public void exec(Object o) {
        binder.apply(o, null);
    }

    public <Y> ClassMatcher with(final Class<Y> targetClass, final Consumer<Y> consumer) {
        return new ClassMatcher((obj, next) -> {

            if (binder.apply(obj, next)) {
                return true;
            }

            if (targetClass.isAssignableFrom(obj.getClass())) {
                final Y as = (Y) obj;

                consumer.accept(as);

                return true;
            }

            return false;
        });
    }

    public ClassMatcher fallthrough(final Consumer<Object> consumer) {
        return new ClassMatcher((obj, next) -> {

            if (binder.apply(obj, next)) {
                return true;
            }

            consumer.accept(obj);

            return true;

        });
    }

    public static ClassMatcher match() {
        return new ClassMatcher((a, b) -> false);
    }
}

Performance

Reddit seemed to be obsessed about the perf costs with this implementation. I spun up JMH and gave it a whirl to compare the cost of this vs if statements.

You do pay a small performance penalty for this higher level abstraction but I think its a small price to pay. Almost any higher abstraction pays a penalty of some sort. In JMH benchmarking methods that used an if tree took a pretty constant 20-50 nanoseconds to complete, and ones using a matcher took about 2-4 times longer (around 90 nanoseconds for a matcher of 4 cases).

Caching an instance of your dispatcher cut the perf time in half, and when you build out lots of match statements it makes a more noticable difference (20 match statements recreated each time was 500 nanoseconds and cached it was 150 nanoseconds). Downside to caching is that you can’t close over anything and create adhoc functions inline, but if you use it as a pure dispatcher then caching is fine.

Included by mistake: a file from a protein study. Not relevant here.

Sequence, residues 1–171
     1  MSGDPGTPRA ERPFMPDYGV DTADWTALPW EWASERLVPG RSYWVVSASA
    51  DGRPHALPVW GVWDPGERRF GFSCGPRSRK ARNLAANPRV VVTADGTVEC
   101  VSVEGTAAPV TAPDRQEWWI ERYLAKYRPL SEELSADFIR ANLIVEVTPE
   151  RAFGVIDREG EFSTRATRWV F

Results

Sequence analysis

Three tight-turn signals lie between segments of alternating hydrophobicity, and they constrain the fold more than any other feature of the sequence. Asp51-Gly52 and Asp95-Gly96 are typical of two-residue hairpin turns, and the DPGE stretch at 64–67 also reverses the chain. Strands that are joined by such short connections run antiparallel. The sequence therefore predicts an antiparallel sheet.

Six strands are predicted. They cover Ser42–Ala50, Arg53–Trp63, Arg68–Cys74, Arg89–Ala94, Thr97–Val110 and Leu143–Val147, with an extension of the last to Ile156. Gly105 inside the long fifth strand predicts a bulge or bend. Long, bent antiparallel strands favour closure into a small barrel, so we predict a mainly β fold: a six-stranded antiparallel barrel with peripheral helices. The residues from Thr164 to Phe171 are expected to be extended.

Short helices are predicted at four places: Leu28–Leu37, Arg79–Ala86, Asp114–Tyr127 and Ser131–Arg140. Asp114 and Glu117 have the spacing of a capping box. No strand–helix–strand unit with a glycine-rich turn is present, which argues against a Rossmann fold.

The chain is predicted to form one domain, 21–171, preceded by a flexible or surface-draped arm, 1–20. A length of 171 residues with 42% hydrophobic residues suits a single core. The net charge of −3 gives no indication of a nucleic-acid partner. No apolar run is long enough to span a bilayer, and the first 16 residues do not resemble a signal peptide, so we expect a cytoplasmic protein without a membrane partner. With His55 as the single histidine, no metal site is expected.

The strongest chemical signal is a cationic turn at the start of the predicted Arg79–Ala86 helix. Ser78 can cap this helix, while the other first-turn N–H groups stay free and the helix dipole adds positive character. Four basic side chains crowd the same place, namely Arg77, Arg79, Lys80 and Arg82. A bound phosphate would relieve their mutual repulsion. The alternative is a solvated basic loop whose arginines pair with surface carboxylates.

Just as an example a simple cacher:

import java.util.function.Supplier;

public class ClassMatchCache {
    private ClassMatcher matcher;

    public ClassMatcher cache(Supplier<ClassMatcher> matchFactory) {
        if(matcher == null){
            matcher = matchFactory.get();
        }

        return matcher;
    }
}

And you can now use it

public class EventHandler {
  private ClassMatchCache mainDispatcher = new ClassMatchCache();
  
  public void dispatch(Object o){
    mainDispatcher.cache(
        () -> match().with(Bar.class, this::bar)
                     .with(Biz.class, this::biz)
                     .with(Baz.class, this::baz)
                     .with(Foo1.class, this::foo)
                     .with(Foo2.class, this::foo)
                     .with(Foo3.class, this::foo)
                     .with(Foo4.class, this::foo)